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UW Fall Camp Preview - Defensive Backs

As fall camp gets set to start on August 3rd, our next preview brings us to the defensive backs, and questions abound.

Image courtesy of Alex Oroszlan. Find him on </span><a href="">Twitter</a><span> and </span><a href="">Instagram</a><span>, and contact him at
Image courtesy of Alex Oroszlan. Find him on
Twitter and Instagram, and contact him at

Be sure to check out Kirk's fall QB preview here

Who's Gone (6)

Sean Parker: 67 T, 3.5 TFL, 1 sack, 4 INT, 4 PD

Will Shamburger: 47 T, 1.5 TFL, 1 PD

Greg Ducre: 44 T, 1.5 TFL, 2 INT, 7 PD

Tre Watson: 50 T, 2.5 TFL, 1 INT (TD), 9PD, 1 FF, 1 FR

Patrick Enewaly: (no stats)

Cleveland Wallace: (no stats)

Edited to add Tre Watson; Thanks for the heads-up, ET's Dreadlocks

Key Returners (8)

Marcus Peters (RS Jr): 55 T, 3.5 TFL, 1 sack, 5 INT, 9 PD, 1 FF

Kevin King (So): 17 T, 1 PD

Brandon Beaver (RS So): 2 T

Travell Dixon (RS Sr): 8 T, 1 PD, 1 FF

Trevor Walker (So): 6 T

Jermaine Kelly (RS Fr): Redshirted

Brian Clay (RS Jr): Walk-on, redshirted due to transfer

Thomas Vincent (RS Jr): no stats, walk-on

Gone are three starters that helped lead the Huskies to the 6th-best passing defense by S&P+ in 2013. That blow is softened some with the talent that the Dawgs return along the front seven, and when that one returning player is junior Marcus Peters. Peters has excellent size at 6'-0" and 198 pounds, and while he isn't the fastest Husky, speed hasn't seemed to be a weakness for him by any stretch. He's been named to both the Jim Thorpe Award and Bronco Nagurski Award Preseason Watch Lists for 2014, as well as being heavily mentioned in preseason All Pac 12 teams. What's missing is the All-American recognition, but make no mistake, Peters deserves it. After losing Desmond Trufant to the draft following the 2012 season, Peters has stepped up and maybe been even better. The down side to that is that this is likely the last season Peters will play in the purple and gold, after giving minor consideration to declaring for the draft after his sophomore campaign.

Kevin King may have been the most pleasant surprise of the Husky defense in 2013. Tall and rangy, he plays the game with abandon. He's extremely athletic, as his results in the Husky Spring Combine showed. Fellow true freshman Trevor Walker got all of the praise in the spring of 2013 as an early enrollee, but it was King who was the first freshman off the bench on defense, and the first to earn a start (against Colorado). Injuries hampered King in the second half of the season, and he's definitely going to need to add weight to his thin frame, but it seems highly likely that he'll step in to one of the starting spots come fall. It wouldn't be at all surprising if Walker is the guy next to him.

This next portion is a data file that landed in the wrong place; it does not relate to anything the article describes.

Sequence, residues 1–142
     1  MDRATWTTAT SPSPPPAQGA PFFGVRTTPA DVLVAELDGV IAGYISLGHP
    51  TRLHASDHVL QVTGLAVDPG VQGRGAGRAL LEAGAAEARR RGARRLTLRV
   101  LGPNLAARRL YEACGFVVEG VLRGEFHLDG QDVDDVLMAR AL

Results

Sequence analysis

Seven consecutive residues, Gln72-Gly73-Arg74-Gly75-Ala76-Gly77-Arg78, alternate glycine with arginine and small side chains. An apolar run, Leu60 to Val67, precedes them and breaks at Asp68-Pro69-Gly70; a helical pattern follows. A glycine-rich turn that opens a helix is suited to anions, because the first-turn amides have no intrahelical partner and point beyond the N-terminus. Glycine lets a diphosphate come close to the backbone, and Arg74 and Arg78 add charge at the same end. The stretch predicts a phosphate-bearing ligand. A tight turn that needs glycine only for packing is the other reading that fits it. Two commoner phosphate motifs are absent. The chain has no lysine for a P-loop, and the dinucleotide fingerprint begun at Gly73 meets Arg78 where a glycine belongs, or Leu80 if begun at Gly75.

The former coaching staff sang the praises of Jermaine Kelly throughout his redshirt season, and there was even some talk of pulling his redshirt and getting him on the field. Fortunately, that didn't happen. After starting out running with the second-team defense, Kelly earned the starting nod opposite Peters the second half of the spring session. It appears to be his job to lose at this point.

Brandon Beaver and especially Travell Dixon entered the UW with quite a bit of hype, but neither has been able to carve out a significant role as of yet. As a senior, this is Dixon's final shot, and he ran with the first team defense at corner the first part of spring until Kelly seemingly took the job from him. With his size and speed, there's some thought that he might get a look at safety, but that didn't really happen this spring. Beaver spent a considerable amount of time with the starters back in April, but it's hard to know if that was on merit, or lack of depth and the injury situation in the secondary. In the eyes of the previous coaching staff, he'd largely been passed over in favor of younger players. Like everybody else on the roster, he's got a clean slate, but it appears he's got some work to do in order to get significant playing time.

Brian Clay sat out the 2013 season after transferring in from Hawaii, but the coaches seemed very high on his play this spring. The same holds true for fellow walk-on and converted quarterback Thomas Vincent. While it would be a surprise if either ended up starting, Clay in particular could add depth, and both will likely add value to the Husky special teams.

Newcomers (7)

Bishard (Budda) Baker (S) 4*

Naijiel Hale (CB) 4*

Sidney Jones (CB) 3*

Brandon Lewis (S) 3*

Jojo McIntosh (S) 3*

Darren Gardenhire (S) 3*

Lavon Washington 3*